So yeah, now that you know where I stand, let’s talk about Mass Effect Andromeda. Chances are, you’re already aware of the game’s lukewarm critical and word-of-mouth reception, the story of its troubled development, or the part where EA wants to bury it as quickly as possible. I would love to say that these aren’t reflective of my experience, that I could offer something positive or contrary to the current prevailing deluge of negativity surrounding this game, but… I really didn’t like it. It’s bad, and I find the “Direct-to-Video” analogy a lot of people have been throwing around to be incredibly apt. The only reason I finished Andromeda, rather than dropping it like Inquisition, was a combination of morbid curiosity and masochism (the same masochism that made me stick with Bound By Flame until it broke me, in case you were wondering.) It’s a bad, bizarrely inept game that can be bad and inept for a very long time if you so choose, though I had my fill after slightly more than 25 hours. Someone who beelines through the main quest could probably do it in less than 15, but I felt the need to check out a decent chunk of the noteworthy side quests, including all but one of the crew loyalty missions. Unless you have a concerted interest in seeing the franchise commit seppuku, I would recommend you stay far away. There have been so many great games this year; you don’t need to spend your time on this one.
As someone already fatigued with most open world games, Mass Effect offers the worst kind of take on open world design. It’s a bland series of large, mostly empty zones filled with trivial trash mob encounters and a bunch of repetitive, boring side activities that aren’t all that fun the first time you do them, alongside the occasional NPC fetch quest and the even more occasional NPC quest that’s actually involved (which, it turns out mostly involves running between the handful of inhabitable planets in order to talk to one NPC or go to a random spot and fight a handful of mooks.) None of it is all that great, but at the very least the shooting is surprisingly decent. Certainly, the AI is dumber than a pile of bricks and the way skills are laid out actively discourages you from too much experimentation (I mostly stuck with the same 3 for my entire playthrough) but that doesn’t really change the fact that jumping in the air, dashing backward, and shooting an enemy in the head with a sniper rifle while hovering in the air is pretty fun. It would be more fun if it was remotely challenging or tactical on the default difficulty, or had more variety in its encounters, but it’s the best thing in the game by far. Yes, they removed the tactical pause and therefore the last vestige of classical RPG-ness that the series was hanging onto, but I think expecting the RPG mechanics in a modern Bioware game to be remotely interesting is probably asking too much at this point. It’s a decent shooter, and that’s honestly not the worst thing in the world.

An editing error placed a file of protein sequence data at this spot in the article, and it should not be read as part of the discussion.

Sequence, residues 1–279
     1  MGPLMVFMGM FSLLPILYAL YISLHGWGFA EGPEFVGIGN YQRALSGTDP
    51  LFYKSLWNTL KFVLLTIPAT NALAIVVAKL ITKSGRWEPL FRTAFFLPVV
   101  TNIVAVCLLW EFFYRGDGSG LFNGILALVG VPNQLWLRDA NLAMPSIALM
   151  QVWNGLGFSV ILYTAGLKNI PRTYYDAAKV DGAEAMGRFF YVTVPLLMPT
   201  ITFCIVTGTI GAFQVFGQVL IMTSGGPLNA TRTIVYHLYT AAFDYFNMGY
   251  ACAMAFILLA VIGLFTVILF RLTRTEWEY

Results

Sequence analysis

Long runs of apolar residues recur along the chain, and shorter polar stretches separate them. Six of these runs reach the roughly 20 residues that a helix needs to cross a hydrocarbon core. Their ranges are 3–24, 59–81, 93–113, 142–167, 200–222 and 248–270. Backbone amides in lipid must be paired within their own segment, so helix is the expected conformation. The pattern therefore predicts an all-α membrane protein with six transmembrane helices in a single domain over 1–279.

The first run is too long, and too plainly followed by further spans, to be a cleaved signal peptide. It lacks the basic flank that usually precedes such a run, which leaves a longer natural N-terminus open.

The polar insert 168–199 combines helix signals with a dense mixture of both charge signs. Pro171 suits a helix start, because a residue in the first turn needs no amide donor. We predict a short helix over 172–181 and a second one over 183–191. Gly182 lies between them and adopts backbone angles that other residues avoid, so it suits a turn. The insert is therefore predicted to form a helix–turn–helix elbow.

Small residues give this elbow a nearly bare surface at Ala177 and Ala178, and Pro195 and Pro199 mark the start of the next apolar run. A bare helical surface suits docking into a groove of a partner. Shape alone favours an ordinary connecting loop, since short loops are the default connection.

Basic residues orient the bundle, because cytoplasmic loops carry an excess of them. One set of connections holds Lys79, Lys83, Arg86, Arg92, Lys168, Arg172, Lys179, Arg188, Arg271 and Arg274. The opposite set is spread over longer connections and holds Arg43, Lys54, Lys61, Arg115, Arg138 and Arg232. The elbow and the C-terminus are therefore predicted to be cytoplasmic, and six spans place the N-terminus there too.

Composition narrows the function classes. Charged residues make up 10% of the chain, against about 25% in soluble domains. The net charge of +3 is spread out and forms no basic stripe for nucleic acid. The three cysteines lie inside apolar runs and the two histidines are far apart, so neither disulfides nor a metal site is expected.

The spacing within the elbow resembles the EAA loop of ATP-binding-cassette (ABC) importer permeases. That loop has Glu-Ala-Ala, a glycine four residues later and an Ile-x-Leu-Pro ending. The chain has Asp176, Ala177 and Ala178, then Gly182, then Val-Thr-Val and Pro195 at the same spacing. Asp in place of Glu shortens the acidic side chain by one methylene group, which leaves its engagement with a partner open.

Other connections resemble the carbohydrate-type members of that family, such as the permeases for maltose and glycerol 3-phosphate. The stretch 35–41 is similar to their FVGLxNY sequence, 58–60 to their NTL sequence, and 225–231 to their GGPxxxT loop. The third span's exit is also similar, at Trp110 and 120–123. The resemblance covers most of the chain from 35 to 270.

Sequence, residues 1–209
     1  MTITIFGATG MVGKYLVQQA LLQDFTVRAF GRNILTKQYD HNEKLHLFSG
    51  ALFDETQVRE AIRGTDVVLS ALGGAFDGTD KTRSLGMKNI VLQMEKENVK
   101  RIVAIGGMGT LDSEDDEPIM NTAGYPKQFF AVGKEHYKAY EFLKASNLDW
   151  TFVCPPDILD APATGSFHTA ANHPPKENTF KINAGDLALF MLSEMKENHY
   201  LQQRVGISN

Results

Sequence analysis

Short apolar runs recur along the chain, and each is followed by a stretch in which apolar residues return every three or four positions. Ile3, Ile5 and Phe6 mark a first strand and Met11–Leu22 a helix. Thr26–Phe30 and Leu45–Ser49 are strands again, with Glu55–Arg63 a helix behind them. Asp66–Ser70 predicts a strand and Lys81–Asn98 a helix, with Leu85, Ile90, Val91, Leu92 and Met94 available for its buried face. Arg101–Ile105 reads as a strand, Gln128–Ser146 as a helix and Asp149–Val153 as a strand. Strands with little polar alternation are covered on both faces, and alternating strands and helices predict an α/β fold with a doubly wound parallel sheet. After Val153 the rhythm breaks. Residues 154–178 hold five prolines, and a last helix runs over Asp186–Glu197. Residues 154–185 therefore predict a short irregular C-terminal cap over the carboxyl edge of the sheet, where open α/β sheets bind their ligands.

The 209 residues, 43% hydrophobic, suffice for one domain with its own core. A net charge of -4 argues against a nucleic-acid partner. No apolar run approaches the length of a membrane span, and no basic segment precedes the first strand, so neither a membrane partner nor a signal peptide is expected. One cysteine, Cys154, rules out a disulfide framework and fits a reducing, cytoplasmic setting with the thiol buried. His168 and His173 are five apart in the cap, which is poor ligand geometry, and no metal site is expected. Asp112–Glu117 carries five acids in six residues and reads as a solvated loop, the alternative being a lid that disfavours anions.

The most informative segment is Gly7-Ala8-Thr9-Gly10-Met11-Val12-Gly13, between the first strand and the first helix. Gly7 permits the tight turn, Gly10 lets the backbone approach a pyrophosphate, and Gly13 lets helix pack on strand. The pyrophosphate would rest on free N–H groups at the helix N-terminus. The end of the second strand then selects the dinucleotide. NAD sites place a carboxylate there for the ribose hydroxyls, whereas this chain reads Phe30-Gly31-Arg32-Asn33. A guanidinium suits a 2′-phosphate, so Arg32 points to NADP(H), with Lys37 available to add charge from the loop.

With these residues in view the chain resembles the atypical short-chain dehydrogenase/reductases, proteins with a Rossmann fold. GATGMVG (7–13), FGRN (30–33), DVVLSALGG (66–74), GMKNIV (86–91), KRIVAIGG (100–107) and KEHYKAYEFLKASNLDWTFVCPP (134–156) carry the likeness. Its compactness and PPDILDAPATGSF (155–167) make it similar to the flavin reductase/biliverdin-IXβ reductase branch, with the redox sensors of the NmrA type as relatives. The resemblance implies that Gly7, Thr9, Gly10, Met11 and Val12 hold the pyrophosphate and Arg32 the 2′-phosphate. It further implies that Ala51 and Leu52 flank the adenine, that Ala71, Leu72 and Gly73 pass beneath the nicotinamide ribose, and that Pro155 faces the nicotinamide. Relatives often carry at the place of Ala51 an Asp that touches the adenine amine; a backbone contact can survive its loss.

Of course, the only reason the adequately entertaining combat asserts itself is because of how it contrasts to the rest of the game… which does not come off all that well. I know I spent the first 3 paragraphs setting up my feelings on Bioware as a developer, but I should really emphasize that Andromeda is even a step below their previous disappointing output. I might’ve bounced off of Dragon Age Inquisition for various reasons, but I’m not going to pretend it didn’t have its charms or merits. They certainly cocked up the open world design and combat, but I still liked most (not all) of the supporting cast and found the writing (mostly) decent. Comparatively, there is an amateurish, hackish quality to Andromeda’s writing that I think can be most closely be compared to something like a SyFy channel original series or a particularly bad episode of Star Trek (probably Enterprise, or something.) Even at its best, Bioware’s writing isn’t exactly the complete works of Shakespeare, but it usually works as pulpy sci-fi or fantasy fare, and for years there wasn’t exactly much better out there. To give a broad summation: most of the dialogue in Andromeda is either super on-the-nose attempts at exposition or exceptionally bad attempts at snark. It’s as if the writers were big fans of something like Firefly, but didn’t understand how to write Wheadon-esque dialogue and tone it down in more serious situations. As a result, everyone is either constantly (and unfunnily) cracking wise all the time or rattling off super obvious character or plot details in a way that tends to violate the rule of “Show, don’t tell.” There was a brief period early on where the writing was stupid enough to take on an ironic quality, and I was enjoying it in the same way I enjoyed the writing of RPG masterpiece Bound By Flame. That didn’t last very long. Unfortunately, for all its faults the quality of the writing and voice acting wasn’t bad enough to sustain those feelings for more than a few hours and after a while I mostly just wanted everyone to shut up.